USCG Will Inspect Anthem of the Seas For Storm Damage
The U.S. Coast Guard has announced that it will inspect the cruise ship Anthem of the Seas when she returns to Cape Liberty, New Jersey on Wednesday evening. The agency said that a team of inspectors will examine the ship to “verify the extent of damages and ensure repairs are satisfactorily completed” before the Anthem is allowed to leave port again.
The USCG has the authority to inspect vessels for purposes of Port State Control, but “Anthem of the Seas is a Bahamian-flagged vessel and Bahamian investigators will take the lead in the investigation,” the USCG said.
The Coast Guard added that the vessel was still maneuverable and seaworthy.
The Anthem of the Seas suffered damage to her interior on Sunday in a storm off Cape Hatteras, when she experienced seas in the range of 30 feet and wind gusts of over 100 knots, according to on-board meteorological instruments. Her 4,500 passengers were confined to their cabins during the worst of the storm; only minor injuries were reported. Royal Caribbean chose to divert the Anthem back to her home port, Cape Liberty, instead of continuing her planned seven day voyage to the Bahamas.
The Anthem's presence off Cape Hatteras at the time of the storm has attracted scrutiny from elected officials like Senator Bill Nelson, Democrat of Florida, who has called for an investigation. "The thing about this storm was that it was forecast for days. So why in the world would a cruise ship with thousands of passengers go sailing right into it?" the senator said Monday.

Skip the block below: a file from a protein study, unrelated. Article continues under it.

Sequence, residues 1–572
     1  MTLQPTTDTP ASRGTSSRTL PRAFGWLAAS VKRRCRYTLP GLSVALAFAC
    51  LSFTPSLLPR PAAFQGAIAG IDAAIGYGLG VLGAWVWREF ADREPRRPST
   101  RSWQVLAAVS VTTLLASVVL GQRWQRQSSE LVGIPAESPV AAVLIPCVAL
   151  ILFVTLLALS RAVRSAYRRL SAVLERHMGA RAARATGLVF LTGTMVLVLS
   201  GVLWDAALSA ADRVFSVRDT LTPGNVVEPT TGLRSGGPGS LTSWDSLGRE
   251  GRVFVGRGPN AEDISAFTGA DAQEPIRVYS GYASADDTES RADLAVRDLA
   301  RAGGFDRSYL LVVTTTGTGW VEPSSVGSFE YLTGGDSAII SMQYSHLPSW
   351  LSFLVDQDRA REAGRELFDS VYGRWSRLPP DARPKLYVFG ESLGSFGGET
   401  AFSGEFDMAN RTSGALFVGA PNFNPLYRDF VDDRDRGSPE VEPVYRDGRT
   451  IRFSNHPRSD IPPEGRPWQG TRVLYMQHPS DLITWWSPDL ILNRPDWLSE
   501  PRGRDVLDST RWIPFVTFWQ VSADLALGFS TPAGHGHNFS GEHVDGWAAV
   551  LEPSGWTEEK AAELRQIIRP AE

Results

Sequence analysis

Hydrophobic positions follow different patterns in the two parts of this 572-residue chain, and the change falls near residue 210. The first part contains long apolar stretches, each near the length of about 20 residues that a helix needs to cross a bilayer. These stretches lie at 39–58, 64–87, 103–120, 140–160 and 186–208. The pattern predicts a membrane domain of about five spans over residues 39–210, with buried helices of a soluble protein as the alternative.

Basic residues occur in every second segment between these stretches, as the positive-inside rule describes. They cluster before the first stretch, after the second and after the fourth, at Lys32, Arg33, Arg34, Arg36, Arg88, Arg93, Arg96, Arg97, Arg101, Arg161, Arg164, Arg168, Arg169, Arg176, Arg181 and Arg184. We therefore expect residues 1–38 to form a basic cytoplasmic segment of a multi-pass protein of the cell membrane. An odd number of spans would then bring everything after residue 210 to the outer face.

The National Transportation Safety Board told media that Senator Nelson had asked the agency to fold an investigation of the Anthem into its inquiry into the loss of the ro/ro El Faro. “[The El Faro] investigation includes a weather group that is investigating TOTE Maritime's decision-making processes regarding vessel operations in hurricanes and other heavy weather occurrences. The Anthem of the Seas incident may provide us an additional opportunity to learn best practices that cruise line operators employ for operating in heavy weather,” said the NTSB.
Anthem Captain Claus Andersen filmed a discussion of the storm, widely available on video as of yesterday. “We were supposed to have around four to five meter seas, which is 12-15 feet,” he said, with winds of of 40-50 knots. “It developed so quickly. That was the special thing. In eight or nine hours it goes from being nothing to a full-blown storm.”
However, Ryan Maue, a digital meteorologist for WeatherBell Analytics, disagreed with Captain Andersen's assessment that the conditions off Cape Hatteras were worse than predicted. He told NJ.com that “the storm was well forecast by many different weather models from every agency. This was not a surprise to anyone watching the weather on a daily basis.”
NOAA spokeswoman Susan Buchanan told media that alerts regarding the storm were issued beginning Friday, with an official warning product issued Saturday.